Taxing pollution would provide incentives for good behavior that currently are absent from the marketplace. Firms that reduce their waste output would be rewarded with lower tax bills; the more they reduce their waste, the less tax they pay. We already require companies to monitor and report their discharges, so it should be relatively easy to calculate emissions and levy taxes. And as some of these additional costs are passed on to consumers, we¡¯ll respond by using fewer of the products that pollute our environment. Many details would have to be worked out, but the basic logic of ¡°taxing bads, not goods¡± is unassailable.
Skeptics will say that businesses will fight to defeat any attempt to implement a green tax shift, fearing an additional tax burden. But any imposition of a pollution tax should be offset, dollar for dollar, with a decrease in corporate income and payroll taxes. With the reduction of such ¡°regressive¡± taxes, more companies would be able to invest in improving productivity. Of course, industrial companies that depend on the free consumption and pollution of resources like air and water surely will want to maintain the status quo. But why should the public continue to subsidize their profit-making while suffering the consequences of dirty air and water?
Other countries have been using pollution taxes for years. In the Netherlands, a tax on the emissions of heavy metals like lead and mercury resulted in a 90 percent decrease in less than two decades. A German tax on the creation of toxic waste led to a 15 percent drop in just three years. To work in New York without businesses threatening to flee the state, a pollution tax would have to be imposed federally or as part of a regional compact with our Northeast neighbors, much like that recently accomplished with the Regional Greenhouse Gas Initiative, where six Northeastern states agreed to curb their COS emissions.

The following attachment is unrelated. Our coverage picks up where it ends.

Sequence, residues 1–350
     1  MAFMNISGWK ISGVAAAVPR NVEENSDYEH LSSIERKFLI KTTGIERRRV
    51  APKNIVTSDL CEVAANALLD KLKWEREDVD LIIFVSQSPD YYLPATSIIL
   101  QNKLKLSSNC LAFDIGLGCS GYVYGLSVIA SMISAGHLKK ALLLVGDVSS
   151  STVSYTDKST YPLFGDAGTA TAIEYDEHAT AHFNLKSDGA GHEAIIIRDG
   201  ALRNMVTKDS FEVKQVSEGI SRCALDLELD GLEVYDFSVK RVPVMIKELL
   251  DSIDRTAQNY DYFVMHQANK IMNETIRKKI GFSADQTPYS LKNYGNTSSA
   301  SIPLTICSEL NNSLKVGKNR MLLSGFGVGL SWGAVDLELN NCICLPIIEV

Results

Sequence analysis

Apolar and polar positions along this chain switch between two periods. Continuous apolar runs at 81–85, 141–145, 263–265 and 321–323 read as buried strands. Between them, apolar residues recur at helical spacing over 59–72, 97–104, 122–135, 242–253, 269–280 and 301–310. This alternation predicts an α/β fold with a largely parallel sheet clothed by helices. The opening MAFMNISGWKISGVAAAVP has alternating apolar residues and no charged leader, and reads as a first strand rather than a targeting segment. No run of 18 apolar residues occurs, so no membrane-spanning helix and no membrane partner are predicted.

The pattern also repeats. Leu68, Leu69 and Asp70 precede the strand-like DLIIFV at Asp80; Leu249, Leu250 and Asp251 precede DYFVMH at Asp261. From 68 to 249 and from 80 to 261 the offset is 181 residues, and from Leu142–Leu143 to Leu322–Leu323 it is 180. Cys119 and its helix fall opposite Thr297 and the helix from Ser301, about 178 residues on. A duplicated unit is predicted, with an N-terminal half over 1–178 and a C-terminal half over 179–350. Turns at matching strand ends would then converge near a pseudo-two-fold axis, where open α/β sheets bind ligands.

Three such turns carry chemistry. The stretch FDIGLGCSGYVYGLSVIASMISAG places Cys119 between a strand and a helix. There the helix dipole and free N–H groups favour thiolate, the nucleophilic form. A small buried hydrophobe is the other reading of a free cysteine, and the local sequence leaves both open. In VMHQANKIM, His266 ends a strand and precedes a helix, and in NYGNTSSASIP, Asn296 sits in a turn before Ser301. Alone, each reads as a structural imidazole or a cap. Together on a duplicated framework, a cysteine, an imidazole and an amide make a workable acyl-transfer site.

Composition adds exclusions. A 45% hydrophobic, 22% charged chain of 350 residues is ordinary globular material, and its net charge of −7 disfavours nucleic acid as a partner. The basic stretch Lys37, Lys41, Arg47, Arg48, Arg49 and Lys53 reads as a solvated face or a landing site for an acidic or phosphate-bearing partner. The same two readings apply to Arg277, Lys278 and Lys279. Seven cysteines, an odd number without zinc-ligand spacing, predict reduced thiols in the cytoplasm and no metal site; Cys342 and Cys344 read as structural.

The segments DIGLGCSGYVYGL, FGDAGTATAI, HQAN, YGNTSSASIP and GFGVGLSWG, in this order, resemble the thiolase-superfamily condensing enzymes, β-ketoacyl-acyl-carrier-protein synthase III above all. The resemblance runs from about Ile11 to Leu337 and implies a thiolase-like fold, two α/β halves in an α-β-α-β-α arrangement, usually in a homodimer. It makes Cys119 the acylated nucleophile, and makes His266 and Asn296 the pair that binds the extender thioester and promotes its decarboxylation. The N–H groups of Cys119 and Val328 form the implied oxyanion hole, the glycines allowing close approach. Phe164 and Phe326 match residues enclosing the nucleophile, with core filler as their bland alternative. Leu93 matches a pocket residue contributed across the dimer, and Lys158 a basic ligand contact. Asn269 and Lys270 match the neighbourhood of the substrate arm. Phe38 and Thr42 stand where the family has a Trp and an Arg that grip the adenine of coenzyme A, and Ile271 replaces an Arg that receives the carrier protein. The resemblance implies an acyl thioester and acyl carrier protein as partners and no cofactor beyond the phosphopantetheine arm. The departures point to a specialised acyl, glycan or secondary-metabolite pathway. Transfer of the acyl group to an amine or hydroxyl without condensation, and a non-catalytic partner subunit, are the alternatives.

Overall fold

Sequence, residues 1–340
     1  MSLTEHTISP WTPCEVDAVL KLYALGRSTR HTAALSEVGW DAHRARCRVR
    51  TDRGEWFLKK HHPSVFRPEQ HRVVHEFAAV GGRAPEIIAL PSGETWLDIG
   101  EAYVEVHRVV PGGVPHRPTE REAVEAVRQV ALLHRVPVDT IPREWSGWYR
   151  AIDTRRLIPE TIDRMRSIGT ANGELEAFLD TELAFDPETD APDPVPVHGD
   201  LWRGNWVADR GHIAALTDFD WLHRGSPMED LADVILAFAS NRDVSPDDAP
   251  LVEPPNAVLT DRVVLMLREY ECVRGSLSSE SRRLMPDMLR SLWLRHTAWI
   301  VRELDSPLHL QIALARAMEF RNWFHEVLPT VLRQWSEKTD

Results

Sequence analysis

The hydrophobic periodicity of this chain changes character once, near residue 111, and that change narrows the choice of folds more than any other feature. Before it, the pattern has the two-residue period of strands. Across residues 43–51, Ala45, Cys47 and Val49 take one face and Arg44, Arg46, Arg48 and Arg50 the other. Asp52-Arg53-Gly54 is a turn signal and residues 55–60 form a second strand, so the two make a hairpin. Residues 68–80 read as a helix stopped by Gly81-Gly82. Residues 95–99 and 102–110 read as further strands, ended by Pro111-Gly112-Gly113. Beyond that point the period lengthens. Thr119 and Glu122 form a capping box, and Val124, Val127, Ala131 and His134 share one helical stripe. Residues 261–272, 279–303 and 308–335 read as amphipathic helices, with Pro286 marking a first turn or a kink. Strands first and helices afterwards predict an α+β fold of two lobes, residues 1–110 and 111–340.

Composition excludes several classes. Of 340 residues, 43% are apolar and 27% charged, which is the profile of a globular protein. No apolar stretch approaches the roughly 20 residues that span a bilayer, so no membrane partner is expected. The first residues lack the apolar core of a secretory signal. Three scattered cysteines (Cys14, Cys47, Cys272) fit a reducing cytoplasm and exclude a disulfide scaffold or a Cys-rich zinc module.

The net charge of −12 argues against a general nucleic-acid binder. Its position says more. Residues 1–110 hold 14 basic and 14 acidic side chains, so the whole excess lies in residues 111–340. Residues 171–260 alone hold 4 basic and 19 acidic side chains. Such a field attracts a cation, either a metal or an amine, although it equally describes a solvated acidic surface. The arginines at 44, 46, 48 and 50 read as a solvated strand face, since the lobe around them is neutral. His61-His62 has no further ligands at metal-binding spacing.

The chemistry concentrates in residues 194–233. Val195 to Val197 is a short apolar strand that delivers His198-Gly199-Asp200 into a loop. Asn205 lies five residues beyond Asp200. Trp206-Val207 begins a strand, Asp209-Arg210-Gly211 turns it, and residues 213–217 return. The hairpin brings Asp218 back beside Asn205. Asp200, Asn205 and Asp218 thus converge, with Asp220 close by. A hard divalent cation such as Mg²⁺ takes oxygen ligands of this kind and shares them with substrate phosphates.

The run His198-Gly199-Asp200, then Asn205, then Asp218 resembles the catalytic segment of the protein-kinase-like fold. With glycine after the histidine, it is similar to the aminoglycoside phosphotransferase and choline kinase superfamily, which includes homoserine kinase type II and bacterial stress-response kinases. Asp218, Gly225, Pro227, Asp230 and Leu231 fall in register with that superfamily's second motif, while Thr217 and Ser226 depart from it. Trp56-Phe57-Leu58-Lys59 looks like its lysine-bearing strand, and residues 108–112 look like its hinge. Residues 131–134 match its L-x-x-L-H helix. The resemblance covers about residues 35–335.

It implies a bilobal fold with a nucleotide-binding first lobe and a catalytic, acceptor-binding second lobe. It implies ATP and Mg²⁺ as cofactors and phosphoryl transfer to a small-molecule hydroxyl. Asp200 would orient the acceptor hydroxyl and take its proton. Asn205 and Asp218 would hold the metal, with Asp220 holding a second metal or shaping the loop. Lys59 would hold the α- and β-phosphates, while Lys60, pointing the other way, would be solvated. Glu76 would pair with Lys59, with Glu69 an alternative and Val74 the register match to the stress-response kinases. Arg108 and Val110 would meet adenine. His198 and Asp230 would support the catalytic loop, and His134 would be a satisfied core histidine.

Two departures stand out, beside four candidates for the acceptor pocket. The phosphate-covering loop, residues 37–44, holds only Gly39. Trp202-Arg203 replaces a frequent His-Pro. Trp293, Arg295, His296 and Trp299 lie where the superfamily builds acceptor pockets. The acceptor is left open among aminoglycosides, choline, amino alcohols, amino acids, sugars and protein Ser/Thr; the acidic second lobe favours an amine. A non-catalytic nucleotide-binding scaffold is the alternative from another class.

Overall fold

The idea of using taxes to promote social policy is not new. But given the current unacceptable levels of pollution in New York and across the nation, it is time for us to use positive tax incentives to make a permanent commitment to protecting our air, water, and natural heritage.
Don¡¯t get me wrong. Environmental enforcement has been the principle weapon in the campaign to rescue the Hudson, and Riverkeeper will continue to use litigation to force companies and developers into treating our environment with respect. But, ideally, we will eventually replace the old command-and-control regulatory model with a self-regulating tax structure where eliminating pollution will be in every company¡¯s best (financial) interest.
Ideally, too, enforcement groups like Riverkeeper will eventually put themselves out of business. That may seem naive and unrealistic, at least for the foreseeable future, but we should be thinking in those terms. ¡ö
Alex Matthiessen is the Hudson Riverkeeper and president of Riverkeeper, Inc., which, based on its success on the Hudson, is the model for over 160 ¡°waterkeeper¡± programs on waterways across the globe.